My fingers can be a bit awkward. My fingers are all curved (family trait) so I have trouble rearranging my digits quickly, and it would be hard work (read impossible) for me to play along in a band or try to do the chord changes in a timely fashion for any song to make sense.
There is also some discomfort. I had to get used to the pain caused by the strings. Andrew and I swapped between acoustic and electric guitar throughout the lesson to give my fingers a break. There’s a difference in the thickness of guitar strings based on the instrument. Classical guitar strings are nice and thick an sleek for better sliding down the fret board. Acoustic strings are chunky too and ribbed. Electric guitar strings are thinnest of all and can feel like you’re almost cutting your fingers. Bass strings are ridiculously thick. Anyway, now you know.
Learning to read music and performing in the same lesson on camera makes me a bit agitated. So that explains my curt tone in the video ha ha. It’s hard to focus on the lesson while being aware of being photographed. I am pretty vain and didn’t want to look fug or clumsy or stupid – yet the show must go on.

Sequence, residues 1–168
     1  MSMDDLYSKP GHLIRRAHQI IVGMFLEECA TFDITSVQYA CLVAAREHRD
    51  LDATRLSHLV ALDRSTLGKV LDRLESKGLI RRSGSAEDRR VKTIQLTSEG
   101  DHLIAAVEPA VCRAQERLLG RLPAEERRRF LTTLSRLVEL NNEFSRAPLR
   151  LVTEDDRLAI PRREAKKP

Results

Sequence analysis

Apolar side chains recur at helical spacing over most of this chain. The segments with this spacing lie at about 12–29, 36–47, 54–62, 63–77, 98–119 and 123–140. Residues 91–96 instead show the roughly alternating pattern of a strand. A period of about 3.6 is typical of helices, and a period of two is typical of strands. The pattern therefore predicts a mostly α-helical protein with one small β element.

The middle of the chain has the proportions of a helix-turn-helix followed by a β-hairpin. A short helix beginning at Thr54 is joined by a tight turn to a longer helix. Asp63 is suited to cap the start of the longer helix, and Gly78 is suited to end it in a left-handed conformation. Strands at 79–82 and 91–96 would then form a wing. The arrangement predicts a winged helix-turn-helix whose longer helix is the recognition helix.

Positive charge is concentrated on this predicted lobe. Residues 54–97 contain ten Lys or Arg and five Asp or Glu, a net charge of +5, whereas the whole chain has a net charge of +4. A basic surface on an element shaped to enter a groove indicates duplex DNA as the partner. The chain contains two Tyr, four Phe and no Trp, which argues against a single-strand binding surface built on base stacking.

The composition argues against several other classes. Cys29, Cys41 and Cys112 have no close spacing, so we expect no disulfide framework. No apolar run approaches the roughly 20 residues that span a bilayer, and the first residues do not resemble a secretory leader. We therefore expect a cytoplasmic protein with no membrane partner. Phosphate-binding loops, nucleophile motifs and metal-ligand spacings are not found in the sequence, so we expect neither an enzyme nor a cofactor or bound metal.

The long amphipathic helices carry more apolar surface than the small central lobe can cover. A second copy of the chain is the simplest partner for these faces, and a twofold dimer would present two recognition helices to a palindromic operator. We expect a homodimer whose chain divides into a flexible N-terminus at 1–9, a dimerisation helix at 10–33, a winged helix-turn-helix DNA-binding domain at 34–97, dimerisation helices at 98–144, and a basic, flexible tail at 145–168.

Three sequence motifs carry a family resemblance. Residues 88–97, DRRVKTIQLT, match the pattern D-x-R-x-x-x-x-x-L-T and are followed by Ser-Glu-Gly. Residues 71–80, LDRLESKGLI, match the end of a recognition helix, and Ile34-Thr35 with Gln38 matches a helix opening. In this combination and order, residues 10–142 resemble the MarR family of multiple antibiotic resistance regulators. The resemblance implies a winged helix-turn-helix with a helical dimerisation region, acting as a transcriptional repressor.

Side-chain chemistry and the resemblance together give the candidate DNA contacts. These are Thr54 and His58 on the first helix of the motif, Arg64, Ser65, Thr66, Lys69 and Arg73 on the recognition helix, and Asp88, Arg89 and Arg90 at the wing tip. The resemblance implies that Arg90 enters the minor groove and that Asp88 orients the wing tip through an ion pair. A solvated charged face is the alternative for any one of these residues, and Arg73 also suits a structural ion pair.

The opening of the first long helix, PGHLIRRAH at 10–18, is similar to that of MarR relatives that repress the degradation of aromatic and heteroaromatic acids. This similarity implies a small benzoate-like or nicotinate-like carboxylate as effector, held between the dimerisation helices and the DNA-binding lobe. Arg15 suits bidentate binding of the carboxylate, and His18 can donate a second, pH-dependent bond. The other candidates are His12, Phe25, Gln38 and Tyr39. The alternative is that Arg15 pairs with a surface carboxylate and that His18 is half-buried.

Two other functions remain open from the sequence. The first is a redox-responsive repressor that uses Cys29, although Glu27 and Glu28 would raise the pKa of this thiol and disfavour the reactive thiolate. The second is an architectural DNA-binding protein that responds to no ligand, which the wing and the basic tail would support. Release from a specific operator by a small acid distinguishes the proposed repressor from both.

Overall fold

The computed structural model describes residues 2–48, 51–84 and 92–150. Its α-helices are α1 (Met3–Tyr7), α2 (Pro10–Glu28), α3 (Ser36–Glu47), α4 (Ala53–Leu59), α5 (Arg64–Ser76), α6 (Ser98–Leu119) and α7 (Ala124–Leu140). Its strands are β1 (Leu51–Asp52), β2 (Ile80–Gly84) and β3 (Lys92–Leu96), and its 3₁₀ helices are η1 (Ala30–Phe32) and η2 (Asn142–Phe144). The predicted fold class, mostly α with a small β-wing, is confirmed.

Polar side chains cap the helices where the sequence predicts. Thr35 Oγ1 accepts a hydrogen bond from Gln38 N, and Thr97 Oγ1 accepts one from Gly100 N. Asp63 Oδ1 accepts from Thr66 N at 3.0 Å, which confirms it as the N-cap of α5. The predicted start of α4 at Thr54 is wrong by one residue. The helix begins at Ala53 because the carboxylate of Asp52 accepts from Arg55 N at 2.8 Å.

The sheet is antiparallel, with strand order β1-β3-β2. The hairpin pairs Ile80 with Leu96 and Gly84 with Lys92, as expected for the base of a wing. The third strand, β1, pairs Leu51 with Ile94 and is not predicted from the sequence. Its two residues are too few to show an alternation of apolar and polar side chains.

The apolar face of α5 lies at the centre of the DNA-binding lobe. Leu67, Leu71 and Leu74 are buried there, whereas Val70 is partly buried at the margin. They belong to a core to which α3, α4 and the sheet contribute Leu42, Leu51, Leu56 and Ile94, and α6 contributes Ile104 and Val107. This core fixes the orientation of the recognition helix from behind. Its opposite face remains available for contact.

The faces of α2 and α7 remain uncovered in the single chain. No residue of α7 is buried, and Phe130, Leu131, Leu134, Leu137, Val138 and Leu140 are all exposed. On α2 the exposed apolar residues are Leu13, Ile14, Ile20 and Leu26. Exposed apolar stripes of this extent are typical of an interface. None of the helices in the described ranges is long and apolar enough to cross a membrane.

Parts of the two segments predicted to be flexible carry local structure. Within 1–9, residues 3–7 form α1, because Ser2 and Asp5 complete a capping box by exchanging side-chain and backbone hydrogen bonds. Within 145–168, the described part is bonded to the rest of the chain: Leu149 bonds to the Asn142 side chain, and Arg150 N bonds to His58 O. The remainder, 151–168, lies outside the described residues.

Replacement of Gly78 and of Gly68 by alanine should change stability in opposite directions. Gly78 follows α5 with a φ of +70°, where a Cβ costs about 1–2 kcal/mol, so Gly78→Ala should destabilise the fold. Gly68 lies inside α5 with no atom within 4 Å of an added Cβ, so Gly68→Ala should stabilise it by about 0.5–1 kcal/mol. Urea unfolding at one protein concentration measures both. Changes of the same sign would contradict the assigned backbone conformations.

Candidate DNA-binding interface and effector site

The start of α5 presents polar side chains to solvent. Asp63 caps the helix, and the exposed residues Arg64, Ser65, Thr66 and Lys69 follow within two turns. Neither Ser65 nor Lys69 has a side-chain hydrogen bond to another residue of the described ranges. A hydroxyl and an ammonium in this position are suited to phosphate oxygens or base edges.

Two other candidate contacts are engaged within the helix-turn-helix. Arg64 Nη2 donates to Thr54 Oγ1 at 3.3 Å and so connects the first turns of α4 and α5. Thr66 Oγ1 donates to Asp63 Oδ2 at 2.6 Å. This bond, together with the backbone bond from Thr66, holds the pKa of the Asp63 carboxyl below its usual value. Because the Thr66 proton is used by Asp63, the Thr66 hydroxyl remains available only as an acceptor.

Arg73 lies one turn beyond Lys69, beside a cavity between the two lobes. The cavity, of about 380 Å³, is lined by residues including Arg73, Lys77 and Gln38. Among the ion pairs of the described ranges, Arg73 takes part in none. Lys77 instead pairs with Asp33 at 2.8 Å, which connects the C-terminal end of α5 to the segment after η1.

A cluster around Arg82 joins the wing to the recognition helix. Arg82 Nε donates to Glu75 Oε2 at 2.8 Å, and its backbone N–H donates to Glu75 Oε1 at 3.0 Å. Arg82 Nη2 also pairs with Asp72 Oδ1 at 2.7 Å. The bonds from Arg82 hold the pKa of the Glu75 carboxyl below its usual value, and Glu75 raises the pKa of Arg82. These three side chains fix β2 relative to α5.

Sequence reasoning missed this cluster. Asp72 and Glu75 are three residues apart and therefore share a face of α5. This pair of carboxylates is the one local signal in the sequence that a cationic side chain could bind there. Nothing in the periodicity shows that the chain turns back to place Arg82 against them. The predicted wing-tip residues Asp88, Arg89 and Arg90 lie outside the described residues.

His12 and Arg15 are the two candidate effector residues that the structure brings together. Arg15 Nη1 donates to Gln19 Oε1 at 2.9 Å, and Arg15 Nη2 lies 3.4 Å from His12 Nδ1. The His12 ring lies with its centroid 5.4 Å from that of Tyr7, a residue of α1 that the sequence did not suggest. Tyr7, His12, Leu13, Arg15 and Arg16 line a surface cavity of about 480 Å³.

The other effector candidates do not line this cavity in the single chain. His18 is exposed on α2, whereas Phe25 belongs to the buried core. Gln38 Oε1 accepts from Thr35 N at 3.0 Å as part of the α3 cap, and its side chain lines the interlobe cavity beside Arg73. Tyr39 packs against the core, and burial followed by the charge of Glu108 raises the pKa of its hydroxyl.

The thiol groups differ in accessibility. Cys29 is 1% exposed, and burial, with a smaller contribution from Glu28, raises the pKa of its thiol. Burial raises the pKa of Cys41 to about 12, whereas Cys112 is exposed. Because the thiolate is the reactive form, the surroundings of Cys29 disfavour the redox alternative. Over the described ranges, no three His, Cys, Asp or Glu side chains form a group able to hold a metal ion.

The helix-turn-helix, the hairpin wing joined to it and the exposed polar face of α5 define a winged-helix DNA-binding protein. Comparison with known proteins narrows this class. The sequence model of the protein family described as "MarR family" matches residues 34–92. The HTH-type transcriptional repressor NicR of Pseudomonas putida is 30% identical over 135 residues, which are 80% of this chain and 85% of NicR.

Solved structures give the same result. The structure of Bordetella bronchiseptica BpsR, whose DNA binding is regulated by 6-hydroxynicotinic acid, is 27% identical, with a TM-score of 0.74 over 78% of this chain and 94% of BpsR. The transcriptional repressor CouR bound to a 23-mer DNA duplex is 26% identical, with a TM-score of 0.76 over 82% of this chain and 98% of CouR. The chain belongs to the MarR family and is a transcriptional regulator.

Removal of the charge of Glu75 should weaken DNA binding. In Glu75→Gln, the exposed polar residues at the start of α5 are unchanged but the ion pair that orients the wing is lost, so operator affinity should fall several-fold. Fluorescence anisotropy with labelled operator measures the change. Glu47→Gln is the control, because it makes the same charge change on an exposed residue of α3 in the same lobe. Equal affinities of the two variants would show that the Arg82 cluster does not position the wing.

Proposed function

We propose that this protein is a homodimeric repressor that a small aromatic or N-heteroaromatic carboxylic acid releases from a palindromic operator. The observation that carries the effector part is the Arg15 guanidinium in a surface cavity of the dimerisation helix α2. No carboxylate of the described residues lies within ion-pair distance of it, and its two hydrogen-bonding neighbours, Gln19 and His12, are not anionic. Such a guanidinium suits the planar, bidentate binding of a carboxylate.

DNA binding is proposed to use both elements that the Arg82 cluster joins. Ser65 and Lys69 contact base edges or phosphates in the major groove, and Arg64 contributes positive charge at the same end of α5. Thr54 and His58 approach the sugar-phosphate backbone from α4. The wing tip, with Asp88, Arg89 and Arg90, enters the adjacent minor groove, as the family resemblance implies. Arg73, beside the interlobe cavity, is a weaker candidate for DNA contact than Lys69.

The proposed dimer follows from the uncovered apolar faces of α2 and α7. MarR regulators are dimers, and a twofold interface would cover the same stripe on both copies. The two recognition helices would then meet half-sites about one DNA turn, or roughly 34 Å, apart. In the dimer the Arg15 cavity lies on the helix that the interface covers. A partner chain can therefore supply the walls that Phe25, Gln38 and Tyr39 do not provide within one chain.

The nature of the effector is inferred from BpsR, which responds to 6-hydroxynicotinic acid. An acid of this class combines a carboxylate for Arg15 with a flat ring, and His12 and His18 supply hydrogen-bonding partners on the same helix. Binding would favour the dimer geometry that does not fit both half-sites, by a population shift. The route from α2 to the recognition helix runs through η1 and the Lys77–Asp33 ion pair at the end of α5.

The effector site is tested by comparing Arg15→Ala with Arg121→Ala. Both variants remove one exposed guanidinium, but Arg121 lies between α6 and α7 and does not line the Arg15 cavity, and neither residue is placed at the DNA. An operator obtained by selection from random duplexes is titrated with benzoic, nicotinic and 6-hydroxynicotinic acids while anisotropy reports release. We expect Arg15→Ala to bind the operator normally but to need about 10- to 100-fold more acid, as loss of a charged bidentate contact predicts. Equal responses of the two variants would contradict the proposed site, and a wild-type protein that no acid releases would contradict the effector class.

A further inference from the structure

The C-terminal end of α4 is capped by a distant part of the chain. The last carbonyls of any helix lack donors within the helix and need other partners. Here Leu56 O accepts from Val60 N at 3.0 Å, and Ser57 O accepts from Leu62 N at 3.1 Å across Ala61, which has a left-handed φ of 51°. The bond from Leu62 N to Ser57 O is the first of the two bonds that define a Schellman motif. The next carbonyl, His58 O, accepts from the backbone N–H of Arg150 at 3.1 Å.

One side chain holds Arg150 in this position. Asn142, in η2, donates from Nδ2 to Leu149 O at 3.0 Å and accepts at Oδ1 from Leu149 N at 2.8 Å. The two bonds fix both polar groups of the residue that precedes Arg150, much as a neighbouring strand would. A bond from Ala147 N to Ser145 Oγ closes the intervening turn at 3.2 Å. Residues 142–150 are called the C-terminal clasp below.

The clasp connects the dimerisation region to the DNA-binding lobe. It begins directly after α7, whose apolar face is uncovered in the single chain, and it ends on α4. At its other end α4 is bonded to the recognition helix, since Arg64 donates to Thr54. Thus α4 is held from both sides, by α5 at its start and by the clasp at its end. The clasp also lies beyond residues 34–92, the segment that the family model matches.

Andrew Kobalek consistently showed what a solid teacher he is, and how well he knows the material. He encouraged me at every ‘breakthrough’ and reinforced my ‘aha’ moments. He really made me believe I have some natural abilities…
After the lesson I wandered around the school and met some of the future young rockers that take lessons at Wandering Minstrel. Look out for this kid – a young Jimmy Hendrix.
I also met a really nice piano teacher – we were kinda on the same wavelength and became instant friends. Being ‘disarming’ and ‘easy to hangout with’ are good qualities for any teacher. It takes the edge off the pressure one may feel when taking a music lesson. I used to be scared on lesson days. I remember ‘jazz class’ lessons being particularly frightening!
In another room, I snapped a shot over the shoulder of another music teacher conducting a piano recital as she selected a more difficult song book.
The owner of the school, Judy Dadd said they have the technology to teach almost any type of music on almost type of instrument. The teachers are all experienced professionals who know what it takes to be a recording artist and many of the staff are themselves studio musicians. Are you looking for songbooks? The school has thousands of them in lockers like this in every music room.
Left alone in the music school, I tried everything I could prod, poke or play and I was making music with other students too. If I came here regularly I could totally assemble one stellar band, although some of the bandsmen might only be twelve.
Thanks again Wandering Minstrel for helping me refine my guitar playing and showing me it’s possible if I just stick to lessons and practise.